Elkhorn Reserve celebrates anniversary, offers something for everyone


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STOCKTON — Just on the northern edge of town, tucked alongside railroad tracks and the Eight Mile Road overpass, it’s not uncommon to hear a lot of grunting and groaning.
Elkhorn Reserve, a one-size-fits-all athletic venue, is celebrating one year of ownership by Bob and Deedee Nelson. Although it’s a milestone for the Nelsons, it’s also business as usual, which incorporates a hearty dose of CrossFit training for clients.

What was once home to a landscaping company, is now a business dedicated to helping people improve themselves.

“I’m in the best shape of my life,” said Randy Johnson, a member of Elkhorn who frequents the club four times a week or more. “(Bob and Deedee) work with you. They truly show you the mechanics of it. They want you to become healthier.”

Johnson walked the grounds, sharing his experience, as if he were right at home. “The atmosphere is so welcoming. You make lifelong friends here. They want to see you succeed,” he said.
Elkhorn Reserve offers CrossFit training, amenities such as a pool, basketball and tennis courts, volleyball, a track for running and walking, swimming pool, free weights, yoga, massage and physical therapists, a sports medicine physician and a barbecue pit.

The business may have an emphasis on getting healthy (Deedee Nelson will work up specialized meal plans for clients) and staying that way, but they also see Elkhorn Reserve as a place for gathering. The entire facility is rentable for special engagements, whether it be a bridal shower, rotary club gathering or really anything else.

If it’s a small affair, just a portion of the facility can be rented out. Elkhorn Reserve also works in conjunction with the neighboring golf course to plan events. Members of the golf course are starting to come over and sign up with Elkhorn since the golf course doesn’t have a pool or some of the amenities they offer.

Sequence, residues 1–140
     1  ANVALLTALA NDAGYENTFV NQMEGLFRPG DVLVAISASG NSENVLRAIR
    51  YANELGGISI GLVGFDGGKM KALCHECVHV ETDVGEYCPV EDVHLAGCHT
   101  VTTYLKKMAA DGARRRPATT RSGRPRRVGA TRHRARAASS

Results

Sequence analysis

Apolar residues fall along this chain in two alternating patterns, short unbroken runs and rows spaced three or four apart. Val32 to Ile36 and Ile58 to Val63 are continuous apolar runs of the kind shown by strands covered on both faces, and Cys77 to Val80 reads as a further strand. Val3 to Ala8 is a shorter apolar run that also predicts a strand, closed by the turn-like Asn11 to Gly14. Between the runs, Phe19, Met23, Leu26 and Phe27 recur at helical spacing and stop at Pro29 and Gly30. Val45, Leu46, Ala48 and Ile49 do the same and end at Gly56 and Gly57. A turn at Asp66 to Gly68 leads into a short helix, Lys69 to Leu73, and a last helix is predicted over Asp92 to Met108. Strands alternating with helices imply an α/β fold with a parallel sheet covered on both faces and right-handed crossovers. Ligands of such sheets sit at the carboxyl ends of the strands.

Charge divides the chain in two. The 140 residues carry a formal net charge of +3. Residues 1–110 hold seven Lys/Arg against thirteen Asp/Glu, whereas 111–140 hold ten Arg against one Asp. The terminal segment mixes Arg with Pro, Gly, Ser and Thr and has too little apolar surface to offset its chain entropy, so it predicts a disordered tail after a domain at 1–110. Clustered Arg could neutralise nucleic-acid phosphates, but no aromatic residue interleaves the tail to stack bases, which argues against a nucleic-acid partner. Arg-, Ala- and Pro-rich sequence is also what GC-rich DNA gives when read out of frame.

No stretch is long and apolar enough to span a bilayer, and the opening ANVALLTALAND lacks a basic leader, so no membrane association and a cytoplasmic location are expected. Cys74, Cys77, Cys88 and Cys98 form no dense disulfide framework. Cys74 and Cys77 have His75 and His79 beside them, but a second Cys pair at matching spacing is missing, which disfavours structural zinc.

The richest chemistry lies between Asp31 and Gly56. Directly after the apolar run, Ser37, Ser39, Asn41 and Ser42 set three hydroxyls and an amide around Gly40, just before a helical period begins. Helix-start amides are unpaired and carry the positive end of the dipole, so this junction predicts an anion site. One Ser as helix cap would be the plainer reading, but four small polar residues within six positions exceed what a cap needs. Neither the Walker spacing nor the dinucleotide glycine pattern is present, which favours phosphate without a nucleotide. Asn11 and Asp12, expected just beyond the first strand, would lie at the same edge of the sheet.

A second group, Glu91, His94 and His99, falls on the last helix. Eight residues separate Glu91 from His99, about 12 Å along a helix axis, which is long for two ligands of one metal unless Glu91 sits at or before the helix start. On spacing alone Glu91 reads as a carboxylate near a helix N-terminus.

“It truly is a family atmosphere,” Johnson said.

Parents who want to get in a workout can bring their kids, who, in turn, can be tutored in their homework … then get some exercise as well.

“There’s really nothing like it in this area,” Bob Nelson said. “We wanted to offer our clients something other than what we call a ‘box gym.’”

Bob Nelson said he and his wife had outgrown a prior facility and needed something with more space. Although the price tag was a little higher than they originally had anticipated, they secured financing for the location and never looked back.

Even though it’s between a railroad track, busy roadway and near residential areas, Elkhorn Reserve is surprisingly peaceful.

“We wanted to create an environment for people to come and workout, and, when they’re done, there’s a little piece of tranquility out there for them,” Bob Nelson said. “There’s a pool area where there’s the fountain. Our massage lady wants to do ‘Mimosa Mondays,’ or something like that. Something different than going to a gym.”

Bob Nelson said it’s also about creating a family atmosphere.

The Nelsons also emphasize that the venue is not geared for just hardcore athletes. It’s meant as a place where anyone can come and enjoy the facility’s recreational amenities.

For those who rent out Elkhorn Reserve for an event but don’t have an event planner, the Nelsons have an event planner who can work with clients.

The client base for Elkhorn is about 80 members at the moment, which ebbs and flows, but there comes a point where clients stay on.

“A lot of people want to try other places, try it on, see if the shoes fits, but they inevitably come back,” Bob Nelson said. “Eventually, I think we will have some kind of maximum occupancy. I don’t want it to be like a box gym where people can’t get on the equipment or can’t get into the pool.”

If the clientele gets to that point, Bob Nelson said they would look at expansion or opening a second location, though they would keep it in Stockton.

“We really want to keep it in Stockton. We were born and raised here,” Bob Nelson said. “We want to bring something to this area that is needed, not only as an event venue, but as something for the community.”


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